1610s, "to sympathize as brothers," from French fraterniser, from Medieval Latin fraternizare, from fraternus "brotherly" (see fraternity). Military sense of "cultivate friendship with enemy troops" is from 1897 (used in World War I with reference to the Christmas Truce). Used oddly by World War II armed forces to mean "have sex with women from enemy countries."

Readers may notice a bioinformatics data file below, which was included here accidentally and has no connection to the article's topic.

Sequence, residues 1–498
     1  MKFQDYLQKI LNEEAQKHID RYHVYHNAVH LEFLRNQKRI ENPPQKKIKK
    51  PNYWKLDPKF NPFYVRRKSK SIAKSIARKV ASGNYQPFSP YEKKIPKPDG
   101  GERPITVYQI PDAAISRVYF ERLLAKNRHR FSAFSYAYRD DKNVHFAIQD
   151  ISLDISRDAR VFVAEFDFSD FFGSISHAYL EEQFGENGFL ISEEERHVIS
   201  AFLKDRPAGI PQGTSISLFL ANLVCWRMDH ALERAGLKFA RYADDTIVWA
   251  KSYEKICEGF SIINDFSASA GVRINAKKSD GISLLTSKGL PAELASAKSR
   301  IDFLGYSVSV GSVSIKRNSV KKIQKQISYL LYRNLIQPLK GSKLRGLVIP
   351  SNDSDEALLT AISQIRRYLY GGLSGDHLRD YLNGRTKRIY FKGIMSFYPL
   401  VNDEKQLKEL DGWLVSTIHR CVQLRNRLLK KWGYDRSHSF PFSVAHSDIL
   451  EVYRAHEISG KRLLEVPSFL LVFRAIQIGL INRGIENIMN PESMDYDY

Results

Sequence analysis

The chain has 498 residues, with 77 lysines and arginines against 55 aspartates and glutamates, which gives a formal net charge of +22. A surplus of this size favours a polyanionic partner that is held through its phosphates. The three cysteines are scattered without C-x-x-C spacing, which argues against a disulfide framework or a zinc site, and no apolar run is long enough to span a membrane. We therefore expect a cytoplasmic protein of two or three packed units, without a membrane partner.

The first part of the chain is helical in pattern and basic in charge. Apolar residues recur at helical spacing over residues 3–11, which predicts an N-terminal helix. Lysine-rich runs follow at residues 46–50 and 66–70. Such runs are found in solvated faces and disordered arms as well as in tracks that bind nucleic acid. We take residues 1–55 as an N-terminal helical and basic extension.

A piece of frat, Wren-language for any attractive young woman -- ex-enemy -- in occupied territory. [John Irving, "Royal Navalese," 1946]Related: Fraternized; fraternizing.
To associate closely with inhabitants of an enemy country, esp to consort sexually with the women (WWII armed forces)